Through a Jungian Lens

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Summer Solstice and Midlife

with 6 comments

Image of the masculine in Toronto

It’s summer solstice today and I am writing this at approximately two hours past the peak of the solstice.  I found this image as a representative image for the solstice, an image of the masculine.  As most who follow symbolism are are aware, the sun is symbolic of the masculine where the moon is symbolic of the feminine.    The summer solstice is all about the sun.

Solstice is representative of the midpoint of a man’s life in as much as it represents the midlife of the annual journey of the earth around the sun, the point where man is at his peak, the moment when the sun is in the sky longest in the year. It is the time when a man is the most conscious of the fact of being a man, most feeling the power of being male.

If a man has truly worked at becoming conscious, he comes to a point of crisis as he  realises that the life of spirit, of logos doesn’t fill him.  All that has been believed, all the effort, the struggle now seems to ring hollow.  At this moment, a man “knows” that he has peaked and that it he is now engaged in a journey back to darkness.  If he is lucky, he has a guide to help him descend from the peak.

With a focus on what has been attained in the work of being a man, the fact that reaching the pinnacle of his essence as a male has not resulted in a sense of fullness, but of a paradoxical emptiness, a hollowness, a man is graced with the opportunity to move towards balance, the balance of light and dark, the balance between his masculine aspect and his feminine aspect.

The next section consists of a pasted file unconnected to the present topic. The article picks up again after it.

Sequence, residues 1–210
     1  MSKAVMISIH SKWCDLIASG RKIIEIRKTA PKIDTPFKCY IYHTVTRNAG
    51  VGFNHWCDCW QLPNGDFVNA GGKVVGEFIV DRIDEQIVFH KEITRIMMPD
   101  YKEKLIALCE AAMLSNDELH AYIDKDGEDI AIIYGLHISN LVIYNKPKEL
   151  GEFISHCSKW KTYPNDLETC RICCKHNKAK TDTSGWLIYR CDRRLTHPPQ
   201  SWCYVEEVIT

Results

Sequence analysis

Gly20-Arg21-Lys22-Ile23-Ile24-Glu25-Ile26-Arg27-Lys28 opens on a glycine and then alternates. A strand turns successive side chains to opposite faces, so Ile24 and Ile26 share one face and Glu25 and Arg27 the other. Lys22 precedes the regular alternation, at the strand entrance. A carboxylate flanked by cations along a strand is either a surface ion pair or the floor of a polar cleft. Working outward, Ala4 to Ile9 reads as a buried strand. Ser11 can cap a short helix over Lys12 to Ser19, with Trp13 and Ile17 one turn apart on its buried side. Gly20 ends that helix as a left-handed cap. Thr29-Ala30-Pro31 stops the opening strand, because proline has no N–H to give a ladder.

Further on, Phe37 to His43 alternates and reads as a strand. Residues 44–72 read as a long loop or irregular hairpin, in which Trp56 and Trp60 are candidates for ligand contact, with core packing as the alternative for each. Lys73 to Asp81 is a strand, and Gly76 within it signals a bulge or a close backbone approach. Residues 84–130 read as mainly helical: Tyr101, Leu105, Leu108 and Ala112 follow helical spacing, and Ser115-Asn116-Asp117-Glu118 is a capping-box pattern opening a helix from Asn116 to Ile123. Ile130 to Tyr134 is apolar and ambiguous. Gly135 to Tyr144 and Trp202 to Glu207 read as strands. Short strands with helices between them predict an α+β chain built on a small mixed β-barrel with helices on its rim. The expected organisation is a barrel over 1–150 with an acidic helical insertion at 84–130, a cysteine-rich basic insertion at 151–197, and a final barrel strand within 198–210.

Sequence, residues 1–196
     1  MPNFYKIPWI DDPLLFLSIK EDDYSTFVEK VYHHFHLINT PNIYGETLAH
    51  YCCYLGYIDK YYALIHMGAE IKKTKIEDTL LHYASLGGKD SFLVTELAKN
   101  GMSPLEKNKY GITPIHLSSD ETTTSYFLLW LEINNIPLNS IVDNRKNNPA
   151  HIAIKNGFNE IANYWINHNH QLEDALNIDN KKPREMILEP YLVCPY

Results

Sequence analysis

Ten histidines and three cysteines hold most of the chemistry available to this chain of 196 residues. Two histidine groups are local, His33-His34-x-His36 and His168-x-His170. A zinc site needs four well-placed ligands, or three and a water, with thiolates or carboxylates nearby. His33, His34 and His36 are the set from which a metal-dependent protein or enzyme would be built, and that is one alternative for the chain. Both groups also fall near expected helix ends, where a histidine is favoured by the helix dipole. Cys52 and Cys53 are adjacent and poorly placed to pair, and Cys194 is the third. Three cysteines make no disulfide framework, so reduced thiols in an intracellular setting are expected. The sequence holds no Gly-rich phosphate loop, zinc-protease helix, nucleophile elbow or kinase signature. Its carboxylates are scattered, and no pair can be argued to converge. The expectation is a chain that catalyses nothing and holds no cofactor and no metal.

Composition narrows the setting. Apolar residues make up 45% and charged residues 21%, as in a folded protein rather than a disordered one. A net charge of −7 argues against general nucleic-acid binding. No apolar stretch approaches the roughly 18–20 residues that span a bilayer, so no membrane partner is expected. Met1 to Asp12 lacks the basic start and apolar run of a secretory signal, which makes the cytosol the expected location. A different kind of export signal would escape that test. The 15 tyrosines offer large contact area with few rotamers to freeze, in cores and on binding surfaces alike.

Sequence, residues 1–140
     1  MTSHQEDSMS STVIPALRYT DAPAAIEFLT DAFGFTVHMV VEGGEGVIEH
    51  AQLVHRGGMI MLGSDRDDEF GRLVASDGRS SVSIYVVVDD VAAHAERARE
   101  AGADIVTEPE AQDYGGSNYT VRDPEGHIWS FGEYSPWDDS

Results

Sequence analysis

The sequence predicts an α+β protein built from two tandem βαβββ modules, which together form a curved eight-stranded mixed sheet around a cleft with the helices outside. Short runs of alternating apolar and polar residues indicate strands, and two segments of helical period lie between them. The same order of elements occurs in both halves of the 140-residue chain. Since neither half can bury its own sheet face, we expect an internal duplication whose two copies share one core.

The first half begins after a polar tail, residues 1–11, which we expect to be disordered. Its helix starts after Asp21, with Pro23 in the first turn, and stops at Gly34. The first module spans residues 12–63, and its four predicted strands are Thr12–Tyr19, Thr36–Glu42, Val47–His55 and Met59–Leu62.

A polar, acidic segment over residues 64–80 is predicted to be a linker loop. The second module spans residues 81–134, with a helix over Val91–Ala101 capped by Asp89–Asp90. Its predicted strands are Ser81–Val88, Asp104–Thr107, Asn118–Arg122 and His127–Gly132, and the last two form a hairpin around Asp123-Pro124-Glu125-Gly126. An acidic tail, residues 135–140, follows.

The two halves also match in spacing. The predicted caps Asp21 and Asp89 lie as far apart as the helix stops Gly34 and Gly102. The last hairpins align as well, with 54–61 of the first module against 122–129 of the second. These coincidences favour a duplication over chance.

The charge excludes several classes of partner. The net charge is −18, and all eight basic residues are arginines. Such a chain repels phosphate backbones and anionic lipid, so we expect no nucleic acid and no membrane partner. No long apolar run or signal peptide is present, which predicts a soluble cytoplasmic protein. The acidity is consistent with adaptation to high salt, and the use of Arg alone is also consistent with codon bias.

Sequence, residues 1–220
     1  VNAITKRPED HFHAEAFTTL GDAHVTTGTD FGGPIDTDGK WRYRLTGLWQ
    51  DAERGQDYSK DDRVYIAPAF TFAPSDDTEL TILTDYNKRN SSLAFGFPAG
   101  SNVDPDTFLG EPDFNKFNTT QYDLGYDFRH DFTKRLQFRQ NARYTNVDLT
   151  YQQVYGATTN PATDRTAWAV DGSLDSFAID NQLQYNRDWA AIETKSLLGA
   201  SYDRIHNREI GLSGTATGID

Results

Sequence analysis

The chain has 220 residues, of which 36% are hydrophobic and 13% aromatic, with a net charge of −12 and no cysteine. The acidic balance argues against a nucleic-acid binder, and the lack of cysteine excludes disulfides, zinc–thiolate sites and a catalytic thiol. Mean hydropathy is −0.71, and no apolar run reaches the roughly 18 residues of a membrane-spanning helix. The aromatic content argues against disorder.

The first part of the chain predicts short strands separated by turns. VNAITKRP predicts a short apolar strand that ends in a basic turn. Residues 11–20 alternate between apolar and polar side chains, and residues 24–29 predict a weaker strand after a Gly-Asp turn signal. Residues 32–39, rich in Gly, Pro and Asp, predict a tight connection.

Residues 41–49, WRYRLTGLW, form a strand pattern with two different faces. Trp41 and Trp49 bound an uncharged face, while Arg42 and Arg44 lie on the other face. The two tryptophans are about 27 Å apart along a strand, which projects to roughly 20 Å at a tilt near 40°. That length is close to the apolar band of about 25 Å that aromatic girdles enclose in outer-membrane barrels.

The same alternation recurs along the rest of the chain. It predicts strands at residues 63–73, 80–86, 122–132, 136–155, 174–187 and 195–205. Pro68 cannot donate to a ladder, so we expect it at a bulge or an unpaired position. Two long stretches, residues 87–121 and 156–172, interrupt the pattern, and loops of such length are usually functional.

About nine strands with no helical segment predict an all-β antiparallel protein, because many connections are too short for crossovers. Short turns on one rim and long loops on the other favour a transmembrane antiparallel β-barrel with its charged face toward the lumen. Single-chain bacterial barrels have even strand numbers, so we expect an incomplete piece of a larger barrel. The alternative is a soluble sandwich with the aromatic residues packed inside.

And it is this embarking on a new journey that is to be celebrated at the solstice, the end of the honeymoon and the real work to come, the real work which will give life meaning and purpose.  Those who resist this journey get lost in addictions which promise meaning: sex, power, money, dominance of others.

It doesn’t make sense to the objective world that it is in a descent into a subjective world that one finds purpose and meaning in the outer world.  But who said it has to make sense in a “logos” kind of way?  Too much of one thing leads to burn out, to a searing of the soul.

Though it might seem a time for mourning of one’s ego, a time for anger and resistance; midlife is a blessing if one can only dare to continue a journey of individuation, a journey in which one learns to embrace the feminine, the soul.


6 Responses

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  1. Fascinating image. Looking at this man I see teh combination of the masculine and feminine. He is overtly masculine – the beard, the strong hirsute arms the carriage all scream ‘male’. And yet within our society relatively few men have long hair – typically seen as ‘feminine’ – woman’s crowning glory etc. He has chosen to allow this ‘feminie’ aspect to be seen.

    Maybe this is one reason I love long hair on fellas!

    Lotus Eater

    June 21, 2011 at 7:01 pm

    • Yes, the hair was a deliberate choice for this post as well as it a precursor of what is to come 🙂


      June 21, 2011 at 7:37 pm